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Recommendations of the Polish Society of Sports Medicine on age criteria while qualifying children and youth for participation in various sports
  1. Tomasz Kostka1,
  2. Witold Furgal2,
  3. Wojciech Gawroński3,
  4. Andrzej Bugajski4,
  5. Andrzej Czamara4,
  6. Krzysztof Klukowski5,
  7. Hubert Krysztofiak6,
  8. Romuald Lewicki7,
  9. Zbigniew Szyguła3,
  10. Wiesław Tomaszewski4,
  11. Tadeusz Trzaska8,
  12. Jerzy Widuchowski9,
  13. Andrzej Ziemba10,
  14. Anna Jegier11 on behalf of the Polish Society of Sports Medicine*
  1. 1Polish Society of Sports Medicine, Faculty of Health Sciences, Medical University, Lodz, Poland
  2. 2MEDIVITSPORT Health Centre, Tarnobrzeg, Poland
  3. 3Department of Sports Medicine, University School of Physical Education, Cracow, Poland
  4. 4College of Physiotherapy, Wroclaw, Poland
  5. 5Chair of Physiotherapy, University of Physical Education, Warsaw, Poland
  6. 6National Centre for Sports Medicine, Warsaw, Poland
  7. 7Institute of Medical Education, Kielce, Poland
  8. 8Department of Traumatology of Sports, University of Physical Education, Poznan, Poland
  9. 9Centre of Arthroscopy and Knee Surgery, Piekary Slaskie, Poland
  10. 10Department of Applied Physiology, Mossakowski Medical Research Centre, Polish Academy of Sciences, Warsaw, Poland
  11. 11Department of Sports Medicine, Medical University of Lodz, Lodz, Poland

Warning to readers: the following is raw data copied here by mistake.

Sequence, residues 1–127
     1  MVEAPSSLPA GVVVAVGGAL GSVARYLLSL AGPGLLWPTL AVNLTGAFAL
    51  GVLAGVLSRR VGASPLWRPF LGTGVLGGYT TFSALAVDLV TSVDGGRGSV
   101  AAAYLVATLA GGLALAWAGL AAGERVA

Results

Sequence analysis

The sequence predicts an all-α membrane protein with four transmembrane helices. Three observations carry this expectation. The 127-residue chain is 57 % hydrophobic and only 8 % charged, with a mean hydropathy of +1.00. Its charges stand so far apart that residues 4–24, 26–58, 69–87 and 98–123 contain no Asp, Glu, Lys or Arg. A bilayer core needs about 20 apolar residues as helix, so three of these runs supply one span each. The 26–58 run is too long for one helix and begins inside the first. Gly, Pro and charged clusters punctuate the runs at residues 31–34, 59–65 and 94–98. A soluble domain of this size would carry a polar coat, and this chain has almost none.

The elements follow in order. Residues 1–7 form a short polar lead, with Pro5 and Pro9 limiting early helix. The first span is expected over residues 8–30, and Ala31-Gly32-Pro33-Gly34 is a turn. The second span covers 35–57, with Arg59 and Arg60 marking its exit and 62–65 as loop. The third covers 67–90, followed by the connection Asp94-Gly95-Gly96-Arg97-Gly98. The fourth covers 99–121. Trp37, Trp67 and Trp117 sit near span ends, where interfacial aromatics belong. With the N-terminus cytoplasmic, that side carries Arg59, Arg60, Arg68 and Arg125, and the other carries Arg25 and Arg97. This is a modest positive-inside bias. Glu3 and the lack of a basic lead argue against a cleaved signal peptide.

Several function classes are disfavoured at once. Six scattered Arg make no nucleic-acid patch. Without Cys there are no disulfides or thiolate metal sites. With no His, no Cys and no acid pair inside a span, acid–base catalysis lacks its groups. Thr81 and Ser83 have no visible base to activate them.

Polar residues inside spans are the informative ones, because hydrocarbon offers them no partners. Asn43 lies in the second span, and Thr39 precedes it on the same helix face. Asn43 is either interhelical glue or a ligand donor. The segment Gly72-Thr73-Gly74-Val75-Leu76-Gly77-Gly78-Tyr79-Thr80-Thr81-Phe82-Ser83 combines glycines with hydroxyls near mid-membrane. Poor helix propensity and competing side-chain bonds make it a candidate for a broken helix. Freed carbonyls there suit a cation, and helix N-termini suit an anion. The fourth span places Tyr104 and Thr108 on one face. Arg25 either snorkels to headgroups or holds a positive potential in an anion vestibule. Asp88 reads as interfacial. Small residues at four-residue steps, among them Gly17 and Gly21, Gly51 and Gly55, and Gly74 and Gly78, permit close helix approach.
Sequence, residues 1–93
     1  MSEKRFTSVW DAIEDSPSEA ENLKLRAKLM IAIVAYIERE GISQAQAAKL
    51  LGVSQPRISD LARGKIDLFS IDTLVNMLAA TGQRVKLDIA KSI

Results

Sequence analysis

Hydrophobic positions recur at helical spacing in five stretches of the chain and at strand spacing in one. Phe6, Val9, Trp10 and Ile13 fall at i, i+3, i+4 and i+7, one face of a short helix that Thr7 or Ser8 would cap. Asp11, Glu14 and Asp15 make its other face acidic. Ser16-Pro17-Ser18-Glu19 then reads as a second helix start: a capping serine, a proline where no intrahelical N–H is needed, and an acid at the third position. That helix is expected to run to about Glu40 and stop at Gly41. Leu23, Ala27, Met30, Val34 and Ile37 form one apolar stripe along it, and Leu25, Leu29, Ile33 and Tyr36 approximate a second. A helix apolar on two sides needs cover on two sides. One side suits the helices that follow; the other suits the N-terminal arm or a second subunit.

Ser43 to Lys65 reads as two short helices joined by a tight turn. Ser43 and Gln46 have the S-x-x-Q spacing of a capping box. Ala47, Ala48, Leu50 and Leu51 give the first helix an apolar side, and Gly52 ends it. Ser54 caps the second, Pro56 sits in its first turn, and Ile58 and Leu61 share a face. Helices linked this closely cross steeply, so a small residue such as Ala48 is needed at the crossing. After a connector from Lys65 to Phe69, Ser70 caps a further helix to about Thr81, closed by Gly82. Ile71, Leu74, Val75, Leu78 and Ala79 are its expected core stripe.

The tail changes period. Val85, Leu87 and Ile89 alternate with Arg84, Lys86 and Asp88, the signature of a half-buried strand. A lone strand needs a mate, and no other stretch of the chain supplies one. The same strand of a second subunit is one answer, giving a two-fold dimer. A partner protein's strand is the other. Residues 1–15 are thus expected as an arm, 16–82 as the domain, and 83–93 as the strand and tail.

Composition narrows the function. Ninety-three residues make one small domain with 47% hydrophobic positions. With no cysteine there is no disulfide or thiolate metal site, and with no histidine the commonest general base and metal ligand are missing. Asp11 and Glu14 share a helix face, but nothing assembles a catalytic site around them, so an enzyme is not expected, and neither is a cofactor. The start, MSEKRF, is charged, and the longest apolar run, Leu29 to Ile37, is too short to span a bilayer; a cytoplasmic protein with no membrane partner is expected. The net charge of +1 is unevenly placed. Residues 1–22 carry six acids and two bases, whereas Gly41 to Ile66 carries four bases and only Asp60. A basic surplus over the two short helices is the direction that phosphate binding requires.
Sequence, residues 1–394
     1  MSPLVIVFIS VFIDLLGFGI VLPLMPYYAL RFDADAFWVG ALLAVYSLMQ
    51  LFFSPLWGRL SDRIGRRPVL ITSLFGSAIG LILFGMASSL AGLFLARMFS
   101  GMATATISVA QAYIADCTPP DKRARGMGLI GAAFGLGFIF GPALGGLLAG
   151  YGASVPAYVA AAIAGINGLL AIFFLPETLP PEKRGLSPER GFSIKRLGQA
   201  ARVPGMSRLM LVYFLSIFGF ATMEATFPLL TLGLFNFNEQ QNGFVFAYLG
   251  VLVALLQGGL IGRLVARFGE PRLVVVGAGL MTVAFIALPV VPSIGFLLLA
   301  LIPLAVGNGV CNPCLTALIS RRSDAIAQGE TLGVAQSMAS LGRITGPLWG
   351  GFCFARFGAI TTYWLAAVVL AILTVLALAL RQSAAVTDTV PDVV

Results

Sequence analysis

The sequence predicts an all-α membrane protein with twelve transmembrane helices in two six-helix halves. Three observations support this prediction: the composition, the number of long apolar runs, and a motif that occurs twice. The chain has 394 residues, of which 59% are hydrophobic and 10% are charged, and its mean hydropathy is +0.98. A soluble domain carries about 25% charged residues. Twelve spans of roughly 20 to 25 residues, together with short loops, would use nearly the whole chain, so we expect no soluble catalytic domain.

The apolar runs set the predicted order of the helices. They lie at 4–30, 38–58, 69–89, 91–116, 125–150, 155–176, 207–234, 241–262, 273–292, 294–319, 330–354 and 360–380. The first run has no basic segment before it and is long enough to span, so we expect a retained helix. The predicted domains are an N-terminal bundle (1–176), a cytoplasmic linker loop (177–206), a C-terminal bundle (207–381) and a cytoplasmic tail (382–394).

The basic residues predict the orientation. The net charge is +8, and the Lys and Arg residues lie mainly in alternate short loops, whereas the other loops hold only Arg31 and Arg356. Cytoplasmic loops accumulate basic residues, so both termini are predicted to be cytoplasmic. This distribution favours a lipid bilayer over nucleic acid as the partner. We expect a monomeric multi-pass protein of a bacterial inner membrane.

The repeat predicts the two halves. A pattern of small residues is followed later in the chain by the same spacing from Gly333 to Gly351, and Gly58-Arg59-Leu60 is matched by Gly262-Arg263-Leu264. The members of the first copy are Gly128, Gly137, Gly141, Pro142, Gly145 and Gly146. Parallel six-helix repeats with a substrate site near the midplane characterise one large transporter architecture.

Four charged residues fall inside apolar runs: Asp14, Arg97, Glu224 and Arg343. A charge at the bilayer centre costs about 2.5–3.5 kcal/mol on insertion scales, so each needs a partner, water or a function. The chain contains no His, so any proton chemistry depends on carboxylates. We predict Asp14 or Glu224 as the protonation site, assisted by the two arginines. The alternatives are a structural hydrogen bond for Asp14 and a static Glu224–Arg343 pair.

1. Correspondence to Professor Tomasz Kostka, Faculty of Health Sciences, Polish Society of Sports Medicine, Medical University of Lodz, Pl. Hallera 1, 90–647 Łódź, Poland; tomaszkostka{at}

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Systematic physical activity is a necessary element of normal development of a young human body.1 2 From early childhood, people should participate in sports and recreational activities involving movement. However, organised and systematic learning of a given form of motor activity (physical training), particularly participation in sport competitions, may result in development of certain abnormalities connected with excessive physical and mental load of a young body, including injuries.3,,6 In recent years, athletes begin specialised training for their sport at increasingly younger ages.7 8 This may be due, in part, to increasing pressure from adults (trainers, parents or teachers) on young people to achieve results in sports.9,,11

The current recommendations involve the revised and updated position of the Polish Society of Sports Medicine (PSSM) concerning age criteria when qualifying for training and competitions in selected sport disciplines, previously presented in the sports medical textbook ‘Medycyna Sportowa’ from 2005,12 considering current knowledge of the issue.13,,18 The main aim of this study is to promote participation in systematic motor activity among children and youth, including organised training and competitions, with maximal safety and health protection assurance.

This consensus agreement is based on experts' opinions and growing perception of increasing dangers for participation in competitive sports by children and youth. Evidence-based data concern anatomy, physiology and psychology of children and adolescents.

Although several studies have reviewed sport-related injury risk in children and youth,19,,26 data concerning injury incidence are not complete. Especially, only a few studies have assessed long-term effects of participating in competitive sports in children and youth.27,,32 Several recent studies also provided new data on mechanisms …

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